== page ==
“Once you can communicate with yourself, you’ll be able to communicate outwardly with more clarity.
The way in is the way out.”
-Thich Nhat Hanh
I was staring at the blank page, my mind a cluttered jumble of words and ideas, when I accidentally discovered the obvious.
To make my writing flow, I need to treat it like a mindfulness meditation.
It was one of those miserable writing sessions. I’d done the research and I knew what I wanted to say. But somewhere between the finger-waving inner editor and my wandering mind, my words got stuck. I lost my writing mojo. I was blocked. In agony.
So I did the one thing that always calms that busy monkey mind of mine. I set a timer and for 15 minutes I focused on my breath.
Gradually, I felt the noise quieting and the jumble in my head unravel. My jaw un-clenched and I felt clarity returning.
As soon as the timer rang, I set it for another 15 minutes. I was greedy to hold on to the spaciousness and sense of calm of my meditation.
I continued to focus on my breath. But this time I watched my pen glide across the page. I watched it form words and sentences until I had the outline of the piece I’d been struggling with. There was no effort. There was only flow.
Nowadays I start any writing session with a meditation. It’s become my secret weapon. I use it with my writers group and in my own writing practice, whether I am writing professionally or just for myself.
Don’t get me wrong. It’s not as if I’ve become a writing machine. I still struggle. But meditation has definitely made me a much better writer. And it continues to do so, every day.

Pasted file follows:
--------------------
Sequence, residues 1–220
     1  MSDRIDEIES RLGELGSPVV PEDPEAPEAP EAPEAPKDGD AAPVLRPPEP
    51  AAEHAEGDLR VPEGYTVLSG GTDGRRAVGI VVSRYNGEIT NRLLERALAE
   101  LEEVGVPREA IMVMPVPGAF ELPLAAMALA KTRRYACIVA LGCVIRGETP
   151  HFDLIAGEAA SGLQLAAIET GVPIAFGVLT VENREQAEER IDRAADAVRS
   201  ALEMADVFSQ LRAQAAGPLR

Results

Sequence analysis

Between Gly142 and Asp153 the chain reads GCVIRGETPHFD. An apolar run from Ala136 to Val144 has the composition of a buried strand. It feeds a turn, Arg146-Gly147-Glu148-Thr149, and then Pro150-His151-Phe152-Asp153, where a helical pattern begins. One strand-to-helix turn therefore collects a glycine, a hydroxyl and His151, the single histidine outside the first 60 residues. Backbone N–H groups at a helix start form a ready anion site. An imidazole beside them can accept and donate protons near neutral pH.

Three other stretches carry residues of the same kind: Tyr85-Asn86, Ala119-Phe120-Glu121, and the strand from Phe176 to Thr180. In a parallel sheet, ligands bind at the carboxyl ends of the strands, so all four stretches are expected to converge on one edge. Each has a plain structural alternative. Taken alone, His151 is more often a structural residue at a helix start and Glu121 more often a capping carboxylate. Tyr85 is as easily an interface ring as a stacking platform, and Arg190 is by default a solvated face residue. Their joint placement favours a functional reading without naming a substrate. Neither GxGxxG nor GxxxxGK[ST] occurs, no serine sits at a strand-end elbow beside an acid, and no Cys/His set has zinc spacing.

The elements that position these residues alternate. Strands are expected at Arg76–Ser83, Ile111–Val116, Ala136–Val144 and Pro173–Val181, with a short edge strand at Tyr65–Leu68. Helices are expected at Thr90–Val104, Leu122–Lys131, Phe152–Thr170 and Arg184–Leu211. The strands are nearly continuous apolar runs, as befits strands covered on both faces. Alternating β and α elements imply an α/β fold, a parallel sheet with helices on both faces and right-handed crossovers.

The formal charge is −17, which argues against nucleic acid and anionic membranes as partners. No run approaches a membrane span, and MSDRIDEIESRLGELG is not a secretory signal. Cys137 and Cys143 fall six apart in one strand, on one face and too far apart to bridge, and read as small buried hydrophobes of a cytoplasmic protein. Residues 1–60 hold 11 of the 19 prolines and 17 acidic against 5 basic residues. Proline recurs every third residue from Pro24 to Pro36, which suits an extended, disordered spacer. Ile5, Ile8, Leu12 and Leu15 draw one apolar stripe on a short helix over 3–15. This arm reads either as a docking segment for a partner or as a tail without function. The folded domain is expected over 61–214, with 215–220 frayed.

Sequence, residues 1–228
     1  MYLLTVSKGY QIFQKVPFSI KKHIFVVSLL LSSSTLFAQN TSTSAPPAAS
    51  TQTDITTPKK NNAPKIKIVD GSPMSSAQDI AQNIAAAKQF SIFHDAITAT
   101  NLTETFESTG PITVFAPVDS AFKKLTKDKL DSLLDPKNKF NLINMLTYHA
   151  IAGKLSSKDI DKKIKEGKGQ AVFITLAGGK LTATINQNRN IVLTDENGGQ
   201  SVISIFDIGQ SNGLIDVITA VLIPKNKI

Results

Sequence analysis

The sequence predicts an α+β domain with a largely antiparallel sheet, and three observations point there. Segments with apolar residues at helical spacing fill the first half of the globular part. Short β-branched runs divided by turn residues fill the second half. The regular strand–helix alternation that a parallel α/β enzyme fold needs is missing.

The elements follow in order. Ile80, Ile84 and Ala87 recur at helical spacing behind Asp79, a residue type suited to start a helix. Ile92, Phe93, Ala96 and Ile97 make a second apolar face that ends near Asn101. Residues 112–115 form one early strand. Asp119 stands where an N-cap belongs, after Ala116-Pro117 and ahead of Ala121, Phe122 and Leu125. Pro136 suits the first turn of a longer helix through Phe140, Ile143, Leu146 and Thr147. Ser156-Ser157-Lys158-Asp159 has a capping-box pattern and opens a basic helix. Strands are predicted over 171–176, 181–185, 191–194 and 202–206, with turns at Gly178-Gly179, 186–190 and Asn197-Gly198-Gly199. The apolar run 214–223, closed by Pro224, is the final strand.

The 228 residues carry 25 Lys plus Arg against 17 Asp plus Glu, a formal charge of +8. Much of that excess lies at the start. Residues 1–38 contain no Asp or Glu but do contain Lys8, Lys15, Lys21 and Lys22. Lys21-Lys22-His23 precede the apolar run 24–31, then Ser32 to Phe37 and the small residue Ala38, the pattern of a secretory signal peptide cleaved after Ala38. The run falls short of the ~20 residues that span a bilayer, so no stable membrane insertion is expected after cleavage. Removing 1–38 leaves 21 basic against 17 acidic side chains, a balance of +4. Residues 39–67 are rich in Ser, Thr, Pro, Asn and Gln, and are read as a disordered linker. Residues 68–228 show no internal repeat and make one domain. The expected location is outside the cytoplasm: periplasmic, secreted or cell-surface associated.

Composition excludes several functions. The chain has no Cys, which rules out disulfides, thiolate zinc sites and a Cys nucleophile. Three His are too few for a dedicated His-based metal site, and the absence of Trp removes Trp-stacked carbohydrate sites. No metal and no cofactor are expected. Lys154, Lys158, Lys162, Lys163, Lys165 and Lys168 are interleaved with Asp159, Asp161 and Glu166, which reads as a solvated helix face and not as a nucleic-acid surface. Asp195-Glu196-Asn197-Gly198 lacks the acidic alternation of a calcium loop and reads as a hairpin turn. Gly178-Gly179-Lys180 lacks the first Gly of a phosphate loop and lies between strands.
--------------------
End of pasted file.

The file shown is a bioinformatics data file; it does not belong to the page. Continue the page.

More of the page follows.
Here is why.
Meditation creates focus and awareness.
Focus and concentration are limited resources. A quick Google search, a repeat visit to the fridge and the day’s concentration is shot to pieces. Meditation trains us to watch the wandering mind and to bring our awareness back.
The Zen Buddhist monk Thich Nhat Hanh says our true home is the breath.
Last September I spent a week at Plumvillage in Thay’s presence. I learned that when I really pay attention to each individual in-breath and out-breath, focus and calm become physical sensations. I am present and awake to what happens to my body and to my thoughts. A writer needs to write with all five senses awake.
Focus is what allows us to push through resistance. Because, let’s just say it again, writing is hard work. It can feel like a form of sweet torture.
Meditation trains us to sit with the agony that is part of the creative act
Watching the breath rise and fall, observing emotions and thoughts coming and going, learning to sit with discomfort, is good practice for any writer.
The creative despair that accompanies the act of writing, is the price we pay for the joy of looking at a finished piece of work. Between the two is an ocean of frustration, deep enough to make many an aspiring writer give up.
Meditation trains us to accept that we can’t have one without the other. Everything is impermanent. Meditation has taught me to be patient and accepting of myself. Especially on those days when everything I write sounds like crap.
Meditation let’s us tap into the creative flow
When I allow the thinking mind to be in charge, my writing tends to be slow and frustrating. You can’t will inspiration to visit during office hours. The best ideas usually come when we are not sitting at the desk.